Advice to pregnant women on drinking ‘patronising and sexist’

Dr Ellie Lee, Director of the University’s Centre for Parenting Culture Studies (CPCS), and member of the Centre for Interdisciplinary Studies of Reproduction (CISoR) says advice given to pregnant women about drinking may cause more harm than good.

Speaking at a conference in Canterbury on 19 May, Dr Lee said that official advice about drinking alcohol in pregnancy had gone down an ‘overtly precautionary route’.

Evidence suggesting that the odd drink, or even more than that, has no impact on child outcomes is interpreted as ‘insufficiently robust’ and any level of drinking is now associated with ‘possible harm’, Dr Lee told her audience.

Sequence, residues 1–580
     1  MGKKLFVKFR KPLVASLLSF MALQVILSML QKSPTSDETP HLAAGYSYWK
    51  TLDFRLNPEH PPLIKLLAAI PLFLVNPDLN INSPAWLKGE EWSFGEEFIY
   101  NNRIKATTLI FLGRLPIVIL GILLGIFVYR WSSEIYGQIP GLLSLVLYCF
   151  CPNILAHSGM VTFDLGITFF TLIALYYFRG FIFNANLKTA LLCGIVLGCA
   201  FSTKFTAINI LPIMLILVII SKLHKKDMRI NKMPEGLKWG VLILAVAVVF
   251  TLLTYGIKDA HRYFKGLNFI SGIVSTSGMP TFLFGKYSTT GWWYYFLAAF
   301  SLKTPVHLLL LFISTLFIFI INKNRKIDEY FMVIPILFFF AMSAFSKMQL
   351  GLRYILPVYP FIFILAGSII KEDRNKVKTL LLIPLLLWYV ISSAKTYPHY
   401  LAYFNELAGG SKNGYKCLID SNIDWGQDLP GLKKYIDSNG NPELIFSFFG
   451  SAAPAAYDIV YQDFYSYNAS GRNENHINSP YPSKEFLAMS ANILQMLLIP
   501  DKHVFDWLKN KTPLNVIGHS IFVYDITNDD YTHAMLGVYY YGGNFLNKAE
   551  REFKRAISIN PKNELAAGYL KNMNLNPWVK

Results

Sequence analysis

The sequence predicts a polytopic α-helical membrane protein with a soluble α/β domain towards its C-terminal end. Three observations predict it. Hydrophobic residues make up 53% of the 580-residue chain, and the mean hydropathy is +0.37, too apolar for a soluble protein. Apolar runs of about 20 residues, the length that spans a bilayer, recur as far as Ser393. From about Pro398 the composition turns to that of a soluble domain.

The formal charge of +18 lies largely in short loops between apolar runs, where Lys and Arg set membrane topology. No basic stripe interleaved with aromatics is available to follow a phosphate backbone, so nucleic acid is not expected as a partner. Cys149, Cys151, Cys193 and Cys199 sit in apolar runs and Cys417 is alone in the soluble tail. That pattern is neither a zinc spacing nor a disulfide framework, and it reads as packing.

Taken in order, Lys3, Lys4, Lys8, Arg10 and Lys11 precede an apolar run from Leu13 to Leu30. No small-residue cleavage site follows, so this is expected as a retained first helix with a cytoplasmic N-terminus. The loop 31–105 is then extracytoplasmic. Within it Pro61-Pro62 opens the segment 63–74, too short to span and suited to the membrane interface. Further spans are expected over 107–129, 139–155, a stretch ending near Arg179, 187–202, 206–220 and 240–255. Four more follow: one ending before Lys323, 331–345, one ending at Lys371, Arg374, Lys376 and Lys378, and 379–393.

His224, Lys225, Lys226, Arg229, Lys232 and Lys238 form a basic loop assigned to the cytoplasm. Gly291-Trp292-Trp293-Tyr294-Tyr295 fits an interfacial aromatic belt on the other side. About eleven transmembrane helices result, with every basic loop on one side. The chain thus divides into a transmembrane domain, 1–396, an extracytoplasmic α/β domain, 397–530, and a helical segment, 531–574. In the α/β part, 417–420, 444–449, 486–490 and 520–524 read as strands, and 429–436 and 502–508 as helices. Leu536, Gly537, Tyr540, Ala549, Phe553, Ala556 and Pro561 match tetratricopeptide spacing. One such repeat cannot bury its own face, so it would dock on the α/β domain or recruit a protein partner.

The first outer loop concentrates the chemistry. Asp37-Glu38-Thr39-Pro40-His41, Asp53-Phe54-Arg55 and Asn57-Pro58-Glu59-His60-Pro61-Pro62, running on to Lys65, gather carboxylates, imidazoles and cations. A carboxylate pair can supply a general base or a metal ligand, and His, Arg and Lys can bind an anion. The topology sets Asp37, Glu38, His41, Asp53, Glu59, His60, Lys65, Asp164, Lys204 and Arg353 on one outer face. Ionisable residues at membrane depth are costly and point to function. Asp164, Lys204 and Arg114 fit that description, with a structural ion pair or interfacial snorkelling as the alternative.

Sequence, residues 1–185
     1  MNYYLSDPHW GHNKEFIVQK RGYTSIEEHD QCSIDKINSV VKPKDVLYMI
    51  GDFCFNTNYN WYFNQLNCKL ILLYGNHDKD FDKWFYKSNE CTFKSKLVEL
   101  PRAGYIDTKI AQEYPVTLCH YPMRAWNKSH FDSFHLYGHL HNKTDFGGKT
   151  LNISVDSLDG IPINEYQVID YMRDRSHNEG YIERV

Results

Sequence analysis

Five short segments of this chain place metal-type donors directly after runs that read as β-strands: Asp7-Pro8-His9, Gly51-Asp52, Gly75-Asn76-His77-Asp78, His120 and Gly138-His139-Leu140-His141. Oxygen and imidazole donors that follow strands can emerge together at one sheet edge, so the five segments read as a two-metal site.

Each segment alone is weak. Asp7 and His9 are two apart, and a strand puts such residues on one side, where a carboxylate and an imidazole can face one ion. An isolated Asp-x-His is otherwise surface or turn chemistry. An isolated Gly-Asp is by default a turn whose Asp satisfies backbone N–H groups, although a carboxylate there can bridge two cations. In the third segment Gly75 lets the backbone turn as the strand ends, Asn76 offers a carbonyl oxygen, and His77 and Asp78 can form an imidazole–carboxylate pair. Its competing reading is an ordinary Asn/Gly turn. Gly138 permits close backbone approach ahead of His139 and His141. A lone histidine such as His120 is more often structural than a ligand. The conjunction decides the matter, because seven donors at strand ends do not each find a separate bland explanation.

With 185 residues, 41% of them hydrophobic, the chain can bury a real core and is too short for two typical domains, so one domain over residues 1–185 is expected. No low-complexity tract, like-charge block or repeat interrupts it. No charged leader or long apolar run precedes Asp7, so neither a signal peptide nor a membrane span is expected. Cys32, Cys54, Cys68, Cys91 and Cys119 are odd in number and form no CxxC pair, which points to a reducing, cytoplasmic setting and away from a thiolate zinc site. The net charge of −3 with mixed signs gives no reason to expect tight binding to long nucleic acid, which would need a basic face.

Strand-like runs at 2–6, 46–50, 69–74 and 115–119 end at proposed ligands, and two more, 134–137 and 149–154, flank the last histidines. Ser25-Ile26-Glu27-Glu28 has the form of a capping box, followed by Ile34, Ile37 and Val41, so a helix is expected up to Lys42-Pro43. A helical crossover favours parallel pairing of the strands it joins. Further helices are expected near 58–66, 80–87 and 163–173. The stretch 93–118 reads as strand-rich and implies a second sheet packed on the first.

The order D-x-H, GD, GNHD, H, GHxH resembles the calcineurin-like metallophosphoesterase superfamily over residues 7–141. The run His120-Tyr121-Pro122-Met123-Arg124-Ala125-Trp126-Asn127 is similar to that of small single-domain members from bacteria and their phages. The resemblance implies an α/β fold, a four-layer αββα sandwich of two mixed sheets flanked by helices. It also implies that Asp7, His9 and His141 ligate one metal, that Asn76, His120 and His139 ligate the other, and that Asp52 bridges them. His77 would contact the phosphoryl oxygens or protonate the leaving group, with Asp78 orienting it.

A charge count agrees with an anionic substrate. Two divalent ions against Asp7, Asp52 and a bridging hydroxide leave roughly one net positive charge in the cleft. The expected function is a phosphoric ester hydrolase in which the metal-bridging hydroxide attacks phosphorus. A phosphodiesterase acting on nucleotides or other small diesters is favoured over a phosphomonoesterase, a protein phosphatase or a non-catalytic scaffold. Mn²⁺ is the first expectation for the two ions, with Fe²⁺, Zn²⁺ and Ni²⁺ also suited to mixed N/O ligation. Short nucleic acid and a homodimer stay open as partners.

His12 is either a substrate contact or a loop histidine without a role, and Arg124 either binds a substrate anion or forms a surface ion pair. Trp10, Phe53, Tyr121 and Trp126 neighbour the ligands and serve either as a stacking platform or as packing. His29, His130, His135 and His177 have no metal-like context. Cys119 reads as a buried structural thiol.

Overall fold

Dr Lee’s speech was covered extensively in the media, including articles in the Guardian and Mirror newspapers and a television news feature on BBC South East.

During her interview, during the main BBC South East 6.30pm news programme, Dr Lee described the government’s advice to pregnant women as ‘patronising’ and ‘sexist’.

Dr Ellie Lee interviewed by BBC South East/Photo: Press Office UoK

The conference, entitled Policing Pregnancy: Who Should be a Mother? was organised jointly by CPCS, the British Pregnancy Advisory Service, Birthrights, and Engaging Sociology at Canterbury Christ Church University, which hosted the event.